Siegfried Loraine Sassoon, 1886-1967
Siegfried Sassoon wrote poems on the First World War and his poems reflected both anger and compassion. Satire was his main weapon which brought him critical acclaim. He didn’t write about the glorification of the war but of the horror and brutality of the battlefield. He satirized generals, churchmen and bureaucrats for their visionless support of the war. Counter Attack is one of Sassoon’s best poems. His poems are very harsh and realistic and very much mock the people who thought that to die at the warfront was an honour.
- Does It Matter
Sassoon begins the poem with a rhetorical question which imparts a satirical tone to the poem with an argumentative proposal – If it really does matter, then people must do something about the ludicrousness of the war. The poem describes a cynical way of war and illustrates the emotional challenges and the thoughts the soldiers have to go through once their service is over. Both stanzas begin in the same fashion – a question is asked; but this questioned is never really answered. The soldier has no future to dream of with the loss of his body part. He keeps thinking and thinking about the ignorance of his feelings and the angry yet satirical tone is felt in the poem. The last lines depict irony, bitter and harsh irony as people think that fighting and dying in a war is glorious but Sassoon puts forward the rational statement that war is indeed inglorious and is not worth the sacrifice of the life of the soldier. The words “blind and light” are juxtaposed adding to the whole outcome of the poem. The poem highlights the value of soldiers’ hard work and sacrifice and also their dedication towards the war, yet they are not given proper respect. The poem is written in a very simple rhyme structure – with obvious pattern of rhyme and a very clear cut rhythm. The poem is a very brief one for such a thorny and complex issue.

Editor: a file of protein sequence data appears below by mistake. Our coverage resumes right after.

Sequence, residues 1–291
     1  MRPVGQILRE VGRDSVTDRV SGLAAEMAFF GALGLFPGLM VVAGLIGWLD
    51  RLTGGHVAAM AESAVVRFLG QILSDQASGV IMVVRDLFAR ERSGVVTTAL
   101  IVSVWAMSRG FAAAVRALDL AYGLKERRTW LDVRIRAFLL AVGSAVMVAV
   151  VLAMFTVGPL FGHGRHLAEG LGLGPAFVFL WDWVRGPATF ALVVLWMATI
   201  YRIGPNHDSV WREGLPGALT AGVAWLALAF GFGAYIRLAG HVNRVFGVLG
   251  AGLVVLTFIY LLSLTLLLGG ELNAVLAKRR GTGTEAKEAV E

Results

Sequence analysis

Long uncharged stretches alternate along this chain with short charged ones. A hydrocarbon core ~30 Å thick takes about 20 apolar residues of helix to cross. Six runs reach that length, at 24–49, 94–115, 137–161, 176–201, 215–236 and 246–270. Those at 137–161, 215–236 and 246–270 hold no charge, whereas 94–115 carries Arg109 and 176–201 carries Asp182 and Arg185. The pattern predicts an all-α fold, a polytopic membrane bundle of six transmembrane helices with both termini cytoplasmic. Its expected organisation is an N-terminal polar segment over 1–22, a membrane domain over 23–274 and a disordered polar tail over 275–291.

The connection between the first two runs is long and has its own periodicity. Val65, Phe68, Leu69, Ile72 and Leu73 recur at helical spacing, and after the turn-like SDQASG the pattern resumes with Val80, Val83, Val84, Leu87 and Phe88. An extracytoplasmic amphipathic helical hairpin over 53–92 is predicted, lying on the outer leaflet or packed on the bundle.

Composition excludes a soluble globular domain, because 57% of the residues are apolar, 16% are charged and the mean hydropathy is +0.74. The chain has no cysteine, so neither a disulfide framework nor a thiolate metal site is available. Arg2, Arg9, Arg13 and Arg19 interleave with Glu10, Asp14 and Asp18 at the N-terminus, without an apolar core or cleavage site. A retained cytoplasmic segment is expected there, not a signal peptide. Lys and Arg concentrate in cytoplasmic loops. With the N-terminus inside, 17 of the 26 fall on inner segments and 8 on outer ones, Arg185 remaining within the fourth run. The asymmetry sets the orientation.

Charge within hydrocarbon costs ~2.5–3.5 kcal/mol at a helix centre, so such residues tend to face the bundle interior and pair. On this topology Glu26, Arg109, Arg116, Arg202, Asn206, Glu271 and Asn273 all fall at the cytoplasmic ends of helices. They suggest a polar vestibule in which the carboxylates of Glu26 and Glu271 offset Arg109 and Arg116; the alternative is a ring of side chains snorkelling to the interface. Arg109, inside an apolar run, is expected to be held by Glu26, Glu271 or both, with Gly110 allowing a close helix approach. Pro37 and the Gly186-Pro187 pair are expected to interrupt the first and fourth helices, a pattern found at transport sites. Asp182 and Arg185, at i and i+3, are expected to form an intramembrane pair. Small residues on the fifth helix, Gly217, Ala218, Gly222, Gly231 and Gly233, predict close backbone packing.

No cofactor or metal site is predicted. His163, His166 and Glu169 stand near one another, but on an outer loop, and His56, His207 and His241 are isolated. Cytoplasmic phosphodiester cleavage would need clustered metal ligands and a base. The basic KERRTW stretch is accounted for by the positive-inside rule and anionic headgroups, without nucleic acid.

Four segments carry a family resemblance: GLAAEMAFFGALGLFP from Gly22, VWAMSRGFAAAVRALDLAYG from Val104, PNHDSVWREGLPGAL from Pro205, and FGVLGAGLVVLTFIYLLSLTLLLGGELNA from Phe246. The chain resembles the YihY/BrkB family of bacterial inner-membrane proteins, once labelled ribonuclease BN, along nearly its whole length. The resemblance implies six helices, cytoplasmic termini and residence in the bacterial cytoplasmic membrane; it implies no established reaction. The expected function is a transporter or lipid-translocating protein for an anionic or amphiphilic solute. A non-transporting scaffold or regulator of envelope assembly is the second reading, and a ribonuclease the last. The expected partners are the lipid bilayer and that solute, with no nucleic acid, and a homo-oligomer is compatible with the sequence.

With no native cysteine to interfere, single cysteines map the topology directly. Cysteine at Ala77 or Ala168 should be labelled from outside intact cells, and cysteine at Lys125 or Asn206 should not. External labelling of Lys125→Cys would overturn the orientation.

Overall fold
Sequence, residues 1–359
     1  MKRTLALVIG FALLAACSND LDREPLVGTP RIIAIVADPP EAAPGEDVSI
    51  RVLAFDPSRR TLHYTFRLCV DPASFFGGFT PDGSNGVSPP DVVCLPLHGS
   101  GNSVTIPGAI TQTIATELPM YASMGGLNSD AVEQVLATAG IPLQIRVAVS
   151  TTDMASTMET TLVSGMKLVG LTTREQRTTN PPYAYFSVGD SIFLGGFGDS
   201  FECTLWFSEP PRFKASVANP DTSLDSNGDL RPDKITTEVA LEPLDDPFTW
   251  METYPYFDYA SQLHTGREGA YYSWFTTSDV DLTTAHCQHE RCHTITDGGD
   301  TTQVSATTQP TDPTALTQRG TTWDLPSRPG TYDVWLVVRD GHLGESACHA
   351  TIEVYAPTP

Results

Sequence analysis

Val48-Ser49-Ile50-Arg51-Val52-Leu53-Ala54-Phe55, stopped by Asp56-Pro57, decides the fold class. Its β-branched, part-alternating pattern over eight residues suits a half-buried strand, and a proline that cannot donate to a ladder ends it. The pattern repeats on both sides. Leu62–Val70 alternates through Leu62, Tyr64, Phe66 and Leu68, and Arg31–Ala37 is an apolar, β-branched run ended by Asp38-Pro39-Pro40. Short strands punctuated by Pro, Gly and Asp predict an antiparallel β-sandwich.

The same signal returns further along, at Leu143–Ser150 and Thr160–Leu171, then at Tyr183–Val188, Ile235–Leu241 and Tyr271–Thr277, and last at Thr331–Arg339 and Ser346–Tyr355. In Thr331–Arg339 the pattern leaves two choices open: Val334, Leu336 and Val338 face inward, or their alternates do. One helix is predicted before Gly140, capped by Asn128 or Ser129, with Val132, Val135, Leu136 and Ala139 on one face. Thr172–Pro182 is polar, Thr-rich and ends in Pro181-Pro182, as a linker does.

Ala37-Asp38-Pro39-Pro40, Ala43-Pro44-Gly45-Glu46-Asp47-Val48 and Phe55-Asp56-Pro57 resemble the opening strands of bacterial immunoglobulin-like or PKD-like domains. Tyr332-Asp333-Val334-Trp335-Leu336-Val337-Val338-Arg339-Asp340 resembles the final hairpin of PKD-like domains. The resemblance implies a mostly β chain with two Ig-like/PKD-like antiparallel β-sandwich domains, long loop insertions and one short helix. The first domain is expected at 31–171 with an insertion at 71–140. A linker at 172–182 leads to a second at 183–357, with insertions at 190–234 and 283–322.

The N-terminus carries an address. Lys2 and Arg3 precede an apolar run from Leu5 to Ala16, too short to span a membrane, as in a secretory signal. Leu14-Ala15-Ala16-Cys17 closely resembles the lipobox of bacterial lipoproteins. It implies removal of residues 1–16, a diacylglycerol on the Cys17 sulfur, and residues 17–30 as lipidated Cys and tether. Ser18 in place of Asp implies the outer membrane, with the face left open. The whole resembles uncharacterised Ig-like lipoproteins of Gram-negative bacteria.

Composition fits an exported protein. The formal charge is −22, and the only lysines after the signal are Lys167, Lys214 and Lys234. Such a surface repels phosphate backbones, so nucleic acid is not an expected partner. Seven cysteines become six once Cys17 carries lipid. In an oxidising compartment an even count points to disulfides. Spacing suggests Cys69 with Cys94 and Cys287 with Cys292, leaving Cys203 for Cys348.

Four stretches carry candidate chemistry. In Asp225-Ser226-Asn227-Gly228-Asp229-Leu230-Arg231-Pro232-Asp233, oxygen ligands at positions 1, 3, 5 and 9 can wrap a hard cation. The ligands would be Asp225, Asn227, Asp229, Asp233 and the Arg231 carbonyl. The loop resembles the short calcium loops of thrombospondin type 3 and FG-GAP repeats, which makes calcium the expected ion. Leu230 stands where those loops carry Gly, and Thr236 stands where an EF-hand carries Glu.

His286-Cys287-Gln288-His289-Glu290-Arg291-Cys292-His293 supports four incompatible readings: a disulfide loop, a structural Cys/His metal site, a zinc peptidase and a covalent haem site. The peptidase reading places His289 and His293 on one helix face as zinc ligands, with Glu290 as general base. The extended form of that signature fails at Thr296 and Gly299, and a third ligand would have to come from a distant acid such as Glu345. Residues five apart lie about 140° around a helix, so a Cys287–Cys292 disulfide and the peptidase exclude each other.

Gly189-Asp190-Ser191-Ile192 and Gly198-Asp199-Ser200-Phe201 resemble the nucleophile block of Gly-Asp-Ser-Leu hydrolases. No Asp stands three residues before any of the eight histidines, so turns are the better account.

- Base Details
The poem is a satirical attack on the war generals who do not risk their own lives by sending young soldiers to fight in the war and die. As the Majors were “detailed” to work at the base, the title of the poem can be a pun in itself as “base” can also be seen in terms of being low and disgraceful. It a very short poem of ten lines. Each line is alternately rhyming to the other. The Majors are impatient and greedy because they hurry these soldiers to the warfront and are not at all compassionate of their deaths. They don’t really care what happens to these young soldiers at the battlefield while they are enjoying their meals and drinks. The alliteration – “guzzling and gulping” emphasizes their greed. Sassoon uses ”we”, a first person pronoun which imparts a feeling of irony as it is very clear that the Majors and the soldiers are leading very distinct lives. Anger and bitterness is expressed in the poem and there is a direct remark on the ones who send their subordinates to fight the war which in reality they had initiated. The initial two quartiles are very sarcastic in their tone and the couplet in the end talks about the seriousness of the war. There are paradoxical phrases, such as “glum heroes”.